There are a few reasons why mainframes applications cannot be migrated to public cloud infrastructure easily. Cresswell says mainframe applications will not run on the underlying cloud hardware without significant refactoring and recompilation. “They are typically compiled into mainframe-specific machine code and the mainframe instruction-set architecture is substantially different from the x86 platforms that underpin almost all cloud services,” he says. “Legacy mainframe applications rely on infrastructure software to manage batch and online activity, data access and many other legacy mainframe features. Like the applications themselves, this infrastructure software is also tied to the physical mainframe hardware and will not run in a conventional x86 cloud environment.”

Read more about application modernisation

Among the opportunities of modernising applications is the ability to make use of new techniques like machine learning. But the toolset for developing machine learning capabilities is still quite immature.

To thrive in an era of multi-cloud architecture, driven by digital transformation, enterprise IT must evolve from ITIL-based gatekeeping to enabling shared self-service processes for DevOps excellence.

Another barrier to migrating mainframe systems is that the mainframe software development pipeline cannot support many of the rapid deployment features that cloud-native applications rely on, says Cresswell, and it is virtually impossible to spin up testing environments on mainframes without extensive planning. “There is just no support for large-scale, container-driven integration testing of traditional legacy applications after each merge of a code branch.”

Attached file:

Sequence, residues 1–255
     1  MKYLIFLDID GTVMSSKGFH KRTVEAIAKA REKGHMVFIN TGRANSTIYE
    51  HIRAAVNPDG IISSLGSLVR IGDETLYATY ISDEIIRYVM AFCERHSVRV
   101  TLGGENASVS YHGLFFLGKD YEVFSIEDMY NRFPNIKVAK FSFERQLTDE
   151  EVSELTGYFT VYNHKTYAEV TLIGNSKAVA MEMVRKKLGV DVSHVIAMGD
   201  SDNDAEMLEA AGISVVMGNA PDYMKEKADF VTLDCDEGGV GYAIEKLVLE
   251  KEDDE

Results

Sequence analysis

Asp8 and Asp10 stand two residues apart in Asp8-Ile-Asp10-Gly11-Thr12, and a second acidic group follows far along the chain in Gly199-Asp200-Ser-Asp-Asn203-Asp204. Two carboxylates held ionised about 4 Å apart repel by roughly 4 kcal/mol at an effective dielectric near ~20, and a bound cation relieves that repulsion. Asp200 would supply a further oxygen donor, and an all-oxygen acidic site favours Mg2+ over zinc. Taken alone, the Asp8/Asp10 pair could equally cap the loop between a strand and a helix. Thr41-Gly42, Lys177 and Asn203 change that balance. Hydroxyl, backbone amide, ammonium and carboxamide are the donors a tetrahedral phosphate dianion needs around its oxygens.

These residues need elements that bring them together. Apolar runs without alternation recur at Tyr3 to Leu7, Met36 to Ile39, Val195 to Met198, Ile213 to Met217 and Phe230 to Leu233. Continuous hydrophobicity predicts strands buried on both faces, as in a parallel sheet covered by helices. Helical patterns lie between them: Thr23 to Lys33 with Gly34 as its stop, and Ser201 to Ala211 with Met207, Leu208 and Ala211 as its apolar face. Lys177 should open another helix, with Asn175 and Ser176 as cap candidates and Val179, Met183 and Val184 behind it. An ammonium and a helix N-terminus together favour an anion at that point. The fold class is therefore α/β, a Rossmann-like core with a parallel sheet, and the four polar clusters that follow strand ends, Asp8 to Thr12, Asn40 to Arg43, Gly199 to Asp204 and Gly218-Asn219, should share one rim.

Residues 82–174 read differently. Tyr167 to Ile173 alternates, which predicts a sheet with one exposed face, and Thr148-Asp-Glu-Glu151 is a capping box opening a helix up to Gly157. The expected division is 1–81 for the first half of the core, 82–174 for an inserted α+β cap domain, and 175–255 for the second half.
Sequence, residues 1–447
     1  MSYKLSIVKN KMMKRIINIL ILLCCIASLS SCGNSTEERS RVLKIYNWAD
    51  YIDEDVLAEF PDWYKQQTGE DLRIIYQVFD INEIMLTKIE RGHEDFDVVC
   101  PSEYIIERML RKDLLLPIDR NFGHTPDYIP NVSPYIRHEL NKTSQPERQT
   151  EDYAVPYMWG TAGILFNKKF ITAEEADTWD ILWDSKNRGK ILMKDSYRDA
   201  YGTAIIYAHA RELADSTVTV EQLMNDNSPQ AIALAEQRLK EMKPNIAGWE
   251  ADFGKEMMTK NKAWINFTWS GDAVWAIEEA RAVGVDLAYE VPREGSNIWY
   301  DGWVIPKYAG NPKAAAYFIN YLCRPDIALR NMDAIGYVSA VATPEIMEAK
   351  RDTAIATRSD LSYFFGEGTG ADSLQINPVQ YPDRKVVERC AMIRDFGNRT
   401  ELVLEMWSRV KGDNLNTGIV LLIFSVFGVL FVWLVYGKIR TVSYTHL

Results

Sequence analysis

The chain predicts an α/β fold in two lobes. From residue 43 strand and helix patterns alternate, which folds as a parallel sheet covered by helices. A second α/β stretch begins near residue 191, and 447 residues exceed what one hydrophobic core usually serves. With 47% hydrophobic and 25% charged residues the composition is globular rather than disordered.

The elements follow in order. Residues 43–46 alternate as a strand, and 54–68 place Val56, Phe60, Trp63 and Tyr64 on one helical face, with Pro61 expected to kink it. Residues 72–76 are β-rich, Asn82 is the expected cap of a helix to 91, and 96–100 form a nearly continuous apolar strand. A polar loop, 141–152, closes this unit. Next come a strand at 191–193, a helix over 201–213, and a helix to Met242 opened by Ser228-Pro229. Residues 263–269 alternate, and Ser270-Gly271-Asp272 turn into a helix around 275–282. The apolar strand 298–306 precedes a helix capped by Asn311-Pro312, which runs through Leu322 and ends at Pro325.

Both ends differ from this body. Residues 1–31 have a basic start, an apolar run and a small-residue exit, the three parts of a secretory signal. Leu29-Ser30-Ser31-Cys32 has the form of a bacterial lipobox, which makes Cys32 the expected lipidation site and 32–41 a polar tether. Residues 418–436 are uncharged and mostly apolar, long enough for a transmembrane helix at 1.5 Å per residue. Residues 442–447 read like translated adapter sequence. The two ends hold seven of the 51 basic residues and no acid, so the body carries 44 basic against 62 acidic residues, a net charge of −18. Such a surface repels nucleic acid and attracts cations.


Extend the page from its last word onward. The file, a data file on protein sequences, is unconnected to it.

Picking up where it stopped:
Cresswell says much of the tech emerging in recent years to support cloud-native applications is simply not available within the legacy environment of mainframes. Without the ability to run application components using a containerised deployment model, many of the other cloud-native requirements are not achievable.

However, he says recent innovations have allowed for migration of applications, unchanged, to containerised open source systems where the fundamental mainframe infrastructure is faithfully reproduced in a software-defined manner in the cloud. “The application can then function exactly as it would in situ and the rest of the journey toward a cloud-native implementation unfolds,” he says.